It’s entirely true that handling cash costs money. Banks charge a pretty penny for graciously accepting a river of coins and notes from a business account for example. But that’s not the same thing as saying that going digital payment only saves money. For there are benefits to handling cash as well as costs:
British retailers could save more than £7m a year each by ditching cash and accepting only card and digital payments, a study claims.
Large retailers such as Tesco could save as much as £48m annually by going cashless, according to the Global Payment Trends report.
Savings would come from costs associated with accepting cash at tills, and transporting it securely to and from banks by requiring customers to use card or mobile payments.
What’s being missed here is that basic point, that there are costs and benefits to absolutely everything.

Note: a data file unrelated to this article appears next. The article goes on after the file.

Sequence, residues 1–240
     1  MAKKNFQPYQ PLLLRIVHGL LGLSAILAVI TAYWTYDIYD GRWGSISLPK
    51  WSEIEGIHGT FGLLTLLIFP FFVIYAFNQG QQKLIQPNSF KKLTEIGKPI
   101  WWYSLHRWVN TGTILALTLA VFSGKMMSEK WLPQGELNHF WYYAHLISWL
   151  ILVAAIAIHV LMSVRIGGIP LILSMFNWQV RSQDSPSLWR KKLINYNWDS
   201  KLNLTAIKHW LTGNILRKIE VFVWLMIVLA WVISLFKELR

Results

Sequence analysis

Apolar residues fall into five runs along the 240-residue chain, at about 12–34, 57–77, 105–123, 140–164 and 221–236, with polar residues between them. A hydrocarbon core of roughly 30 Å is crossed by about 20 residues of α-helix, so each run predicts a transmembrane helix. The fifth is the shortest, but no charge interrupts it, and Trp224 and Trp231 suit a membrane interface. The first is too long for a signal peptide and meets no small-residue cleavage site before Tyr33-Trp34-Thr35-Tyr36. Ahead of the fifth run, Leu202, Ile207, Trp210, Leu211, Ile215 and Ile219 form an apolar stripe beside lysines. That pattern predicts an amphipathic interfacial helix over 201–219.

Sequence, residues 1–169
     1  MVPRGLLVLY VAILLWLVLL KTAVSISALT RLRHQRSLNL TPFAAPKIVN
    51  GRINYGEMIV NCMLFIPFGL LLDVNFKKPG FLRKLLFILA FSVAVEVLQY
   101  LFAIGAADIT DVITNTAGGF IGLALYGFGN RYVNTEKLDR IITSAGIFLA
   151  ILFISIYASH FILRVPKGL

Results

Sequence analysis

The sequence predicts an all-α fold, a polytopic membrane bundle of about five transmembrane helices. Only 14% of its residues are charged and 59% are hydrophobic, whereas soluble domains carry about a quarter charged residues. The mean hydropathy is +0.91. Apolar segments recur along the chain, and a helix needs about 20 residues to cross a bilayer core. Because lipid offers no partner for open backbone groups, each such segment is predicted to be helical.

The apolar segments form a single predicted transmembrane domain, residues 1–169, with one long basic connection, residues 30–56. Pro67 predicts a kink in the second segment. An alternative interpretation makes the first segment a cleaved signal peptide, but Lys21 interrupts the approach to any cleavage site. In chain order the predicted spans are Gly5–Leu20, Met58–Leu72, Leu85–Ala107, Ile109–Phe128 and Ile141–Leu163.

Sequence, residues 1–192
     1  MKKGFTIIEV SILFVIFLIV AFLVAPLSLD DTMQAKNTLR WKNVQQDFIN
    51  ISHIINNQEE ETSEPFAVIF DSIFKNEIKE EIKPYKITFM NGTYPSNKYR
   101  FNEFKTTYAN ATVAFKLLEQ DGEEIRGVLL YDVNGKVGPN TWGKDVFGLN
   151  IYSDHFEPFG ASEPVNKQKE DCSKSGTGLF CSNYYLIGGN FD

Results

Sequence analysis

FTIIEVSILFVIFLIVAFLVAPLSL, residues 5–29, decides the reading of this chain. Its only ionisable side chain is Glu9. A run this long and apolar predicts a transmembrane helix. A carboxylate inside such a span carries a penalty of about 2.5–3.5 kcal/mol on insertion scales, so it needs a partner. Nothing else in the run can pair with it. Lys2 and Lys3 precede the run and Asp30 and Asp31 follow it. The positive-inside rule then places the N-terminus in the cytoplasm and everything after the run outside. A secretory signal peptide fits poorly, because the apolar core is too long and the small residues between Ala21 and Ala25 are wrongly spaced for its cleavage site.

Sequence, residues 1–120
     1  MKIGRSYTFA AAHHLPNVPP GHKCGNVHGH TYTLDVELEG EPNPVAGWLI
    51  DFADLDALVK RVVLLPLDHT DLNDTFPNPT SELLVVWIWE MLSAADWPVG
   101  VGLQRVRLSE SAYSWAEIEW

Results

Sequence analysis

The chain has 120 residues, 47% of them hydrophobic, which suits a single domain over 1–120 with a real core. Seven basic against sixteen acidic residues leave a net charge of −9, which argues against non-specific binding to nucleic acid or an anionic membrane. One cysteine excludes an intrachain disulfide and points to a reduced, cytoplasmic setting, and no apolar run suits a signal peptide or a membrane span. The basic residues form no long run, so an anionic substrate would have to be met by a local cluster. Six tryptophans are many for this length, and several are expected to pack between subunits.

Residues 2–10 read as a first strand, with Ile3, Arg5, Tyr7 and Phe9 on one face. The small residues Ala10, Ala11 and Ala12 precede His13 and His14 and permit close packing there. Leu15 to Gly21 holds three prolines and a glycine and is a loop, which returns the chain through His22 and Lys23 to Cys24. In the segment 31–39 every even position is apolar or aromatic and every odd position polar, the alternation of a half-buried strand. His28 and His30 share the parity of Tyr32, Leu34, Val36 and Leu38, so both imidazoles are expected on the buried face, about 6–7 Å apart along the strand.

The most obvious point about digital payments being that not all of us are up to speed with them as yet. Meaning that someone who simply does not accept cash will therefore lose the potential sales top those who only pay with cash. Or even, those who simply prefer top pay with cash at times and places.
Thus the “saving” of going digital is not the lower costs of not handling cash. It’s those lower costs minus the lost margin on those cash sales that didn’t happen.
Yes, of course, this is just a piece of PR from a firm that consults on how to go digital payment only. But then that’s the point of making this particular point. Who wants to take consultancy from someone who clearly doesn’t understand the first thing about the subject under discussion?